According to Wikipedia, Dental Crowns are used to cover a tooth in order to improve its appearance, strength, size, and shape. Dental Crowns are like caps that are cemented on top of the tooth fully encasing the visible part of your tooth just above your gum line.
Your dentist may suggest a Dental Crown if you have a weak tooth. Teeth that are broken or badly decayed may need Dental Crowns in order to hold the pieces of the cracked tooth together.
Dental Crowns are also used to restore broken teeth and to cover a tooth that has worn down. Your dentist may also recommend Dental Crowns if you have large fillings and not enough tooth to support it. Dental Crowns are also used to hold dental bridges in place and to cover Dental Implants.
Children may also require Dental Crowns on baby teeth if a tooth has a deep cavity. Your family dentist may also suggest Dental Crowns to protect kids who have a higher risk of tooth decay.
There are several types of Dental Crowns available. Stainless steel, all metal, such as alloy or gold, all resin, all ceramic, and porcelain fused to metal.
Stainless steel crowns are normally used on a temporary basis while your permanent crown is being made. Stainless steel crowns are prefabricated and make an ideal choice for children’s teeth, as less dental appointments are required.
Gold alloy, alloy, chromium or nickel are also used for Dental Crowns and compared to other materials require less tooth structure removal. Metal crowns hold up better to chewing and biting and rarely break or chip. According to your dentist, the only drawback to metal is the color. Metal Dental Crowns are best for back teeth and molars that are not seen.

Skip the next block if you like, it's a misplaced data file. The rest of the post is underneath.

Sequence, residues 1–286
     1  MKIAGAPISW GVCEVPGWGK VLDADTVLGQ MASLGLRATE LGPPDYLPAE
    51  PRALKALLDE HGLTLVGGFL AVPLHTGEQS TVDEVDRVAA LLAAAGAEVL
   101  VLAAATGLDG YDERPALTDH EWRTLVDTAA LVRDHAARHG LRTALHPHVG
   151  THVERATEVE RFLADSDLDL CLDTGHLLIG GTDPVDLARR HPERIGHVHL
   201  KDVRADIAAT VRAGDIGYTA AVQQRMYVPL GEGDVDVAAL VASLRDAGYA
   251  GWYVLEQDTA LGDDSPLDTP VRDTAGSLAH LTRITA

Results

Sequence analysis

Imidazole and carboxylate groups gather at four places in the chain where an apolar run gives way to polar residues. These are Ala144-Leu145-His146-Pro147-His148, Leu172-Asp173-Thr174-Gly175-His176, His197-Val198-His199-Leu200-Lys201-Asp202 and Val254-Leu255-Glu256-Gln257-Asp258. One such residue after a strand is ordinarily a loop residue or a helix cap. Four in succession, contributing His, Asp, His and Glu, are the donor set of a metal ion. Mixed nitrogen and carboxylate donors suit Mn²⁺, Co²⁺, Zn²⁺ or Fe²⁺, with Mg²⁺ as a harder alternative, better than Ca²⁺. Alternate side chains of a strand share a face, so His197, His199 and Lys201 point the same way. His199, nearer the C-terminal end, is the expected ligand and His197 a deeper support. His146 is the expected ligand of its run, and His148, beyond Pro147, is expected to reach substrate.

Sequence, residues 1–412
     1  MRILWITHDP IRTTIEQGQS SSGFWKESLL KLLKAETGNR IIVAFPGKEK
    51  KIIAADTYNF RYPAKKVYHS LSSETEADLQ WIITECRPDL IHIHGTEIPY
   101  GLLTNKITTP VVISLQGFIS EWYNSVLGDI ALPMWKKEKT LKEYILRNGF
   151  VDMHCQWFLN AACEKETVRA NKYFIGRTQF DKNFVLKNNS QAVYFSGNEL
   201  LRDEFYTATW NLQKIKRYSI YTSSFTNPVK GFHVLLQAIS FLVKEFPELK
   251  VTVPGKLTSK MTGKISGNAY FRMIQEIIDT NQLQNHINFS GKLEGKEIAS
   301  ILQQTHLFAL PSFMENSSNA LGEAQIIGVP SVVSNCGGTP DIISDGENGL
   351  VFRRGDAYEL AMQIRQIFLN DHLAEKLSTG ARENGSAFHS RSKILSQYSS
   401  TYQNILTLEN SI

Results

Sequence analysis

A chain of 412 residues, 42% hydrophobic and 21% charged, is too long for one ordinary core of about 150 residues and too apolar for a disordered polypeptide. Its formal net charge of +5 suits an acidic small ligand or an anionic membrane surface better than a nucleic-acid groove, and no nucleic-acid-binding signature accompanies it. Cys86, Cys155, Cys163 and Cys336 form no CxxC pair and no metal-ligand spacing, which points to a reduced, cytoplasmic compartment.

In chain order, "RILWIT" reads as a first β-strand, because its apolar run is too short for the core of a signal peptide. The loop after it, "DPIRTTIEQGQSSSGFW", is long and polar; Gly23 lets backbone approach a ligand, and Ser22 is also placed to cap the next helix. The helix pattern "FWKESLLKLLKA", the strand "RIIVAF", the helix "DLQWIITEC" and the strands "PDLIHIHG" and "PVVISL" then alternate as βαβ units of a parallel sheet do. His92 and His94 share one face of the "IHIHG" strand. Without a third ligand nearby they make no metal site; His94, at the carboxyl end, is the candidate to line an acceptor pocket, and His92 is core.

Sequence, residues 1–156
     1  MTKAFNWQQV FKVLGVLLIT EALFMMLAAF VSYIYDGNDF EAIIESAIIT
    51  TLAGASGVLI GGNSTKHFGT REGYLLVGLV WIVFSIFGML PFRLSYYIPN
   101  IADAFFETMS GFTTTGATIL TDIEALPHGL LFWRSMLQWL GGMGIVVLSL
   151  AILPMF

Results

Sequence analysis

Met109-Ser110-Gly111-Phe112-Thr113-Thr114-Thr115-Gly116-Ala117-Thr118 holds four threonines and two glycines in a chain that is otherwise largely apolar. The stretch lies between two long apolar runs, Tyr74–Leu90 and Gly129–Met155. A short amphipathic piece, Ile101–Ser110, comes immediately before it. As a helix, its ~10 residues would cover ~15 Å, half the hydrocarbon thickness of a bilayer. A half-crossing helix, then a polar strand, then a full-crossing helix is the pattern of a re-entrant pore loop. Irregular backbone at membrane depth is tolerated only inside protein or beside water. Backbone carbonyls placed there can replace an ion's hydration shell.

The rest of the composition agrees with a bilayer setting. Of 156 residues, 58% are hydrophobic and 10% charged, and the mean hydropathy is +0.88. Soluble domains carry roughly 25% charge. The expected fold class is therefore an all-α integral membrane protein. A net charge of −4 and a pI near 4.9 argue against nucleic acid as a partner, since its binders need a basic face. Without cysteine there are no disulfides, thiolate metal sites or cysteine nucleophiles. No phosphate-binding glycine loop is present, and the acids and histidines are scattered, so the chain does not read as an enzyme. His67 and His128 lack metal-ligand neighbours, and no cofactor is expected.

Porcelain fused to metal Dental Crowns can be matched to the teeth surrounding the restoration; however, there will be more wear to the surrounding tooth than resin or metal Dental Crowns. The porcelain part of the crown can also break off or chip. Another drawback to these types of crowns is the dark lines that can sometimes appear at your gum line, and even more so if your gums begin to recede. These crowns are appropriate for both back and front teeth.
All resin crowns wear over time, but cost less than other Dental Crown types. All resin crowns are prone to fractures as well.
All ceramic or all porcelain Dental Crowns will give you the most natural looking smile as they can be matched to the rest of your natural teeth. People who suffer from metal allergies may also be more suited to all ceramic or all porcelain Dental Crowns as well. Although not as strong as porcelain fused to metal and metal Dental Crowns, they make an excellent choice for front teeth.